Melissa Allison follows the world's biggest coffee-shop chain and other Seattle caffeine purveyors.
Starbucks unveils eco-friendly, neighborhood-tailored store designs
Posted by Melissa Allison
Starbucks is opening far fewer stores these days than it used to, but it wants the ones it does open to be environmentally friendly, to be made with local materials, and to have new looks that reflect the neighborhoods they're in.
The first example opened in March across the street from Pike Place Market in Seattle, which has a more rustic look than most Starbucks' stores including a coffee bar that includes scrap leather from shoe and automobile factories, a long "community table" from a local restaurant, and cabinets made from fallen trees in Seattle.
This month, it unveiled a second concept at its Paris Disney Village store, where some materials came from reclaimed Champagne racks and recycled mobile phone parts.
On Tuesday, it will reopen a store at University Village in Seattle with cabinets and wall fixtures made from Douglas fir reclaimed from school bleachers and redwood siding outside the store that was reclaimed from hop vine poles in eastern Washington.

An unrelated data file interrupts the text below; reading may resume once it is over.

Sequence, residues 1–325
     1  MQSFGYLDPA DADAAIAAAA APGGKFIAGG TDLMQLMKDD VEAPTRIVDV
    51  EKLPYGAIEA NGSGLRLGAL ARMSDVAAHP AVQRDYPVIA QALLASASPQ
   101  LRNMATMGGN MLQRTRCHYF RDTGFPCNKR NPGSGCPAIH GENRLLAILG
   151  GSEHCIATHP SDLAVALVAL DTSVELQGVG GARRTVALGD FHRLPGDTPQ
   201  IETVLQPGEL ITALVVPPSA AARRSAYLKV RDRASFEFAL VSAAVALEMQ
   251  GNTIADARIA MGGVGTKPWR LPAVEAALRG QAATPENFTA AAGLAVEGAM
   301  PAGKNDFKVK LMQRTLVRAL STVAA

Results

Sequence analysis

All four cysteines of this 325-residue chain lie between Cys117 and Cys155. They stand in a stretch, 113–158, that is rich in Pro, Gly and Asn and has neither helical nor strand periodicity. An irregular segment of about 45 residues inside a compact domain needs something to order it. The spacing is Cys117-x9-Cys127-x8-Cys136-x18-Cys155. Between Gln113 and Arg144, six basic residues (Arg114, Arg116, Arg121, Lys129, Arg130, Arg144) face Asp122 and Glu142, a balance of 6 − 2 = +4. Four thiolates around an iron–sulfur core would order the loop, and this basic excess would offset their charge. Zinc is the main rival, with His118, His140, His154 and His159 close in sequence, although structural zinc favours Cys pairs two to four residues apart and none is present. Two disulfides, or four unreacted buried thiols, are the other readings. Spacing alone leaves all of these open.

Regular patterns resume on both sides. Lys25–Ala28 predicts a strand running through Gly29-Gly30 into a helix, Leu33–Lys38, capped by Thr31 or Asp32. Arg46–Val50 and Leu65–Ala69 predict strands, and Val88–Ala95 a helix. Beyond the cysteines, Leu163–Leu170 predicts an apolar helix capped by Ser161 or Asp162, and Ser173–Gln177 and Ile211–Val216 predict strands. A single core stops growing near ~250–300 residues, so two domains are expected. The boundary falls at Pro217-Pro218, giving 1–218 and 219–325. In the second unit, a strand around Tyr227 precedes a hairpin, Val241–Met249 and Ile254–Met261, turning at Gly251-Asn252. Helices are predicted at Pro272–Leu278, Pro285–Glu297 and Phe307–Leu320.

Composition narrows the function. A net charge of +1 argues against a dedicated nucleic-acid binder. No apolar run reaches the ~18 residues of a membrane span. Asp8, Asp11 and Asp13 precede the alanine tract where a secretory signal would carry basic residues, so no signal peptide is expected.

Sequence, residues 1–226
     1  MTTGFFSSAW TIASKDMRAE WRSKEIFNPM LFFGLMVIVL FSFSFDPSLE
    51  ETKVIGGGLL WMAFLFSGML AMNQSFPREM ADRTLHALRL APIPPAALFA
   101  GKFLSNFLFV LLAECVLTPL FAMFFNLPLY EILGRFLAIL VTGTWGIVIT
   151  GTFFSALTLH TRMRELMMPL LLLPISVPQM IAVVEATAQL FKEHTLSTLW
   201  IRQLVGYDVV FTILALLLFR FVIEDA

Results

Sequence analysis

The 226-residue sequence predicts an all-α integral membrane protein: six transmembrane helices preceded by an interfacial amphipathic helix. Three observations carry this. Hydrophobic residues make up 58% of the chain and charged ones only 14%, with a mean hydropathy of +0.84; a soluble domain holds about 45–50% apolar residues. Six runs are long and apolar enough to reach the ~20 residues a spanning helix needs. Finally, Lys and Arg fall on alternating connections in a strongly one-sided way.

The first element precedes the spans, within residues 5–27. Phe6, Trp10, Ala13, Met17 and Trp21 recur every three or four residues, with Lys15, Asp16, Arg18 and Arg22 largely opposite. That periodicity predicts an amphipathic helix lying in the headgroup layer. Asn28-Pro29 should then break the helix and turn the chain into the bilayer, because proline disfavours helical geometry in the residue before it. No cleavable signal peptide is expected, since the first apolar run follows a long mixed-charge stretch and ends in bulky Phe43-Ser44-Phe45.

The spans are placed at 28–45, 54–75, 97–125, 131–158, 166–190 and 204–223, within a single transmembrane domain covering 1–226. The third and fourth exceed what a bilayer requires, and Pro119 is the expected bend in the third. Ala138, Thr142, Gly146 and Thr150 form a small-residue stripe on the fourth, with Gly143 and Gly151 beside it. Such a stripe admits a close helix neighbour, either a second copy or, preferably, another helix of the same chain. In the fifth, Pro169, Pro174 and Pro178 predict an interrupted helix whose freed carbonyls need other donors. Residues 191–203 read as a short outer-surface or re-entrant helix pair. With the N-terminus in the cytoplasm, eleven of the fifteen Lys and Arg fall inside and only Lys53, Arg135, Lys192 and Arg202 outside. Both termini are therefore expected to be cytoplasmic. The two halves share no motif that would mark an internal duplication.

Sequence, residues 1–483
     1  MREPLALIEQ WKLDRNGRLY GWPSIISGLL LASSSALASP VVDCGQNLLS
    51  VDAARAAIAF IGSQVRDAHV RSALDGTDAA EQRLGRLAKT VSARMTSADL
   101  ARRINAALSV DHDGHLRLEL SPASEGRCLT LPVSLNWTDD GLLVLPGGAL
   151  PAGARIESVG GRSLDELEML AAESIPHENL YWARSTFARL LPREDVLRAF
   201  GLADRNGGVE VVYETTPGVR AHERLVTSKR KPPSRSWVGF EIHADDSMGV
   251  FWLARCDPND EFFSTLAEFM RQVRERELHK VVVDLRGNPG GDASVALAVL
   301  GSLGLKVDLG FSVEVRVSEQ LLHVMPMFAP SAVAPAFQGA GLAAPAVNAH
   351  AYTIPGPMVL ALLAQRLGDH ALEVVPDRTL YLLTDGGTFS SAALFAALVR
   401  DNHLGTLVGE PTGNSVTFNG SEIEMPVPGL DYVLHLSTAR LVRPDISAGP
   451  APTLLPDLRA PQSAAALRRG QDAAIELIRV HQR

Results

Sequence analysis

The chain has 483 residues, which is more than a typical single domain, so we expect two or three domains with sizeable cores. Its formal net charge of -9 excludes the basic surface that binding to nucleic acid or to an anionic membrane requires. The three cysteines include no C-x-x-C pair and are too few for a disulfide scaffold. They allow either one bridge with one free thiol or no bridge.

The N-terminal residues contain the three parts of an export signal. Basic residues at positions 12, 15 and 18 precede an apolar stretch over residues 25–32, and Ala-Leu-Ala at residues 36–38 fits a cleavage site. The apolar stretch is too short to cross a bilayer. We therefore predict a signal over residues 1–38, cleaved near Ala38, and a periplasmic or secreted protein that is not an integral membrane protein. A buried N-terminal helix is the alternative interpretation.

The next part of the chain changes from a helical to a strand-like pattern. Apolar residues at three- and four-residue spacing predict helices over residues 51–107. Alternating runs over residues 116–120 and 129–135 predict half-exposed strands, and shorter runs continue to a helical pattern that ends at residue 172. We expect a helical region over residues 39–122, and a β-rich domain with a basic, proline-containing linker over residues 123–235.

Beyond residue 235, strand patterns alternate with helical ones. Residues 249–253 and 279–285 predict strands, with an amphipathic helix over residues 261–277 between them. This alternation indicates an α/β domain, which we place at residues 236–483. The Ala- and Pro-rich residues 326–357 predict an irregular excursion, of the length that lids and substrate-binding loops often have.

"Ultimately, we hope customers will feel an enhanced sense of community, a deeper connection to our coffee heritage and a greater level of commitment to environmental consciousness," Starbucks' president of global development, Arthur Rubinfeld, said in a release. He's credited with creating Starbucks' look in the early 1990s and returned to Starbucks last year shortly after Howard Schultz resumed the CEO role.
Starbucks will seek LEED certification -- an indication of environmental friendliness -- for all new company-owned stores beginning next year. (Company-owned stores do not include most shops in airports, grocery stores, etc.)
After opening roughly seven stores a day in its heyday, Starbucks is now closing more company-operated stores than it opens. This fiscal year, it expects to open 95 new company-owned stores in the U.S. and 145 in other countries. At the same time, it plans to close 605 company-owned stores worldwide.
Anyone who read my earlier post (about the coffee wars bringing more business for everybody) knows that I conjectured that Starbucks' 4 percent stock hike this morning might have something to do with the new store designs.
Probably not, according to Sharon Zackfia, an analyst at William Blair & Co.: "The new store designs are interesting and can help localize the flavor of Starbucks, but is it going to single-handedly reverse comp trends? No. I'm more focused on the improvement we're starting to see in consumer confidence and the work they're doing in lean labor. This [store design] is good around edges, but there are so many moving parts that from a stock perspective, it's interesting but likely not going to be material in my opinion."
Copyright © 2009 The Seattle Times Company
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